Pidro is a Finnish card game for four persons - pair against pair. It is related to the games Pitch, Pedro, Set Back and Cinch widely played in North America, and can be seen as a member of the Pitch card game family. Apparently Pedro mutated into Pidro late in the 19th century when the game was brought to the Ostrobothnia region in Finland by either returning emigrants or seamen.
The aim of Pidro is to bid the highest to get to choose the suit to be played. Six tricks are played with the goal to capture at least as many of the 14 value points as the bid. Dare and succeed or fail and be penalized.
Pidro Challenge is a downloadable card game for Windows. You and your computer partner play against two computer opponents. The artificial intelligence is very good giving the feeling of experienced pidro players around the table. Easy to learn but with endless variation, this game offers hours after hours of fun and clever gameplay.
If you are to believe the number of shareware card games today you may think that the only card game in the world is Poker. However, there is more to card games than that, as a matter of fact there is an infinite number of ways to use the same deck.
In general card games can be categorized depending on whether the cards themselves matter or whether the psychology is the key.
Bridge is at one extreme of the spectrum. The cards definitely matter and your skill in evaluating them and playing them in the correct order in the correct situation is crucial for your success. Poker and many other betting games, are on the other extreme. In some cases the cards actually may not matter at all and the psychology rules supreme. One could say, with the peril of grave oversimplification, that in trick taking games the cards matter and in betting games they do not.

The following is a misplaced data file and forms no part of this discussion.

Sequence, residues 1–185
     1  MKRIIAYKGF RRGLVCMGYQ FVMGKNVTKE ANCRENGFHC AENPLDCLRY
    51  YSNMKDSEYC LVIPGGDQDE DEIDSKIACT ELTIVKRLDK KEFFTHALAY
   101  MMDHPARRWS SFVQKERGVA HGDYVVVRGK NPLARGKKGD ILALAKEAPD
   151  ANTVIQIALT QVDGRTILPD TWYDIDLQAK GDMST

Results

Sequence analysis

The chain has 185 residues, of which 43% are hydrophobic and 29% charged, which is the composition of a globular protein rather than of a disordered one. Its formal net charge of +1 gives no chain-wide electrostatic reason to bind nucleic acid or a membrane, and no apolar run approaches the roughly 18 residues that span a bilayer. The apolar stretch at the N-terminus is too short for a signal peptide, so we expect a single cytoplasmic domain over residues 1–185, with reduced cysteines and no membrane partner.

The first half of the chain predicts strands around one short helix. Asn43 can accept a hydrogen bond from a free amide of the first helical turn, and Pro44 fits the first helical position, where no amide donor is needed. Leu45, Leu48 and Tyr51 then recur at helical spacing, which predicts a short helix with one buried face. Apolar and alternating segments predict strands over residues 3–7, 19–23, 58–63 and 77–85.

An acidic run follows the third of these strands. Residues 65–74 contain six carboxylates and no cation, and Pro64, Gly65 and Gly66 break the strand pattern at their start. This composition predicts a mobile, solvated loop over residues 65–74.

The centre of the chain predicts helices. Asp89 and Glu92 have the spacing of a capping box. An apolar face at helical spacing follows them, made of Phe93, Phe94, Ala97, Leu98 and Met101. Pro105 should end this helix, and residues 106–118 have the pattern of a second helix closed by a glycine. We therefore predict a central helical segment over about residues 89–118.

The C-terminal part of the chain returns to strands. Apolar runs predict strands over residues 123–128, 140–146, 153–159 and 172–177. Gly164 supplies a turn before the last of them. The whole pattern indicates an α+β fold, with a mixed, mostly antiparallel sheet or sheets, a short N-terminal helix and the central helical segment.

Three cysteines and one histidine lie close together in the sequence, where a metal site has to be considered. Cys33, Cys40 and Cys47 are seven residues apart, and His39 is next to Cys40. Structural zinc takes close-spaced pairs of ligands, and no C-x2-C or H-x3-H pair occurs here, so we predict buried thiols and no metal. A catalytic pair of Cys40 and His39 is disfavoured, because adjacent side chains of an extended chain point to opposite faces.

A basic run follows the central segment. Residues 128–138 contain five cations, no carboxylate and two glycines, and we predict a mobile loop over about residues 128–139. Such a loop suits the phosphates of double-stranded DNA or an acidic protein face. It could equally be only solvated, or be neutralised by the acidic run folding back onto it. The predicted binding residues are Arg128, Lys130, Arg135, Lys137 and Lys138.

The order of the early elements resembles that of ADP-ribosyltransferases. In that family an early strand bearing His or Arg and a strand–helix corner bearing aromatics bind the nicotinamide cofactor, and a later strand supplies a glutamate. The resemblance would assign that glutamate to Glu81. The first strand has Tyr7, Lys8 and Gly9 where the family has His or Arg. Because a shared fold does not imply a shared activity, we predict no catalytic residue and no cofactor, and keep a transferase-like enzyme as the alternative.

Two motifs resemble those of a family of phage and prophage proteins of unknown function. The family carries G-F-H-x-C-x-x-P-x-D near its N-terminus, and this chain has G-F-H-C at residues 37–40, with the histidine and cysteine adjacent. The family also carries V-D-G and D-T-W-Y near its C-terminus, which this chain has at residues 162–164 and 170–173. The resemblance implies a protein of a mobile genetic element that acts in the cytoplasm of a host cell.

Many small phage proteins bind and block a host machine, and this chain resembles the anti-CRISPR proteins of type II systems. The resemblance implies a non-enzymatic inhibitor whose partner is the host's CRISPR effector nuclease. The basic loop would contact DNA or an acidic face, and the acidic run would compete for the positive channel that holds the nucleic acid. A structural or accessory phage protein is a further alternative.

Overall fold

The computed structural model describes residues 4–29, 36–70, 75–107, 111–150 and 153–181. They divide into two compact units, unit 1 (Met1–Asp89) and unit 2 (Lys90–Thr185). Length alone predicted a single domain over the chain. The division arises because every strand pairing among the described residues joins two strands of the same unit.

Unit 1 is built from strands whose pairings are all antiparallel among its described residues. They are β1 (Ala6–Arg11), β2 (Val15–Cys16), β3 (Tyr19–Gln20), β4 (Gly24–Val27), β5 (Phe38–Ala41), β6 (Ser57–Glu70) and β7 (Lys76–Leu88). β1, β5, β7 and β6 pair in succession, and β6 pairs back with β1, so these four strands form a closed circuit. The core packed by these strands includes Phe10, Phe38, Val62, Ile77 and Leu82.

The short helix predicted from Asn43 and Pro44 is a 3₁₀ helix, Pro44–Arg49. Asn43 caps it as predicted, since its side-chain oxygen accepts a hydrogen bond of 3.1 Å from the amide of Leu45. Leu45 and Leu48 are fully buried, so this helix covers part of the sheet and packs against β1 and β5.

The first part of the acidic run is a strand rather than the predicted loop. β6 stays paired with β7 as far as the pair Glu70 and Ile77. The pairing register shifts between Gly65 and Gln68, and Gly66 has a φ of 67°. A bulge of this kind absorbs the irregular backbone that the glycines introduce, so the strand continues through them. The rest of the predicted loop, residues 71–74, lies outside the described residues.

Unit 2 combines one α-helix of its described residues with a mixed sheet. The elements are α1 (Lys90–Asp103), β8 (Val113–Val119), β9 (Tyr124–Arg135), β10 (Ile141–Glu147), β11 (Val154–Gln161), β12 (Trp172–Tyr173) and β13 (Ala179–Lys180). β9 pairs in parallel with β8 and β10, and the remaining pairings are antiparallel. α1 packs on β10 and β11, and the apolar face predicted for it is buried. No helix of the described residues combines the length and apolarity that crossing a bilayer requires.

Pidro is a game that combines both aspects in a clever way. The game has a history starting from All Fours, mutating into Pitch and further into Pedro and it’s many variants, of which Pidro is one. Pidro is a four person game played pair against pair.
The main characteristic of this line of games is trick taking with a twist. Trick taking determines who wins but it is not the number of tricks that matter but the point cards taken in the trick that count. The psychology aspect comes from bidding. Each player bids the number of points he thinks his team will be able to take at least. After one round of bidding the highest bidder chooses the trump for the trick taking phase of the game.
Experienced players somtimes say that during the bidding the cards do not matter that much at all, it is more a question of reading your opponents and pushing them into bad decisions just like a gambler would do when performing his art.
This software is not reviewed yet.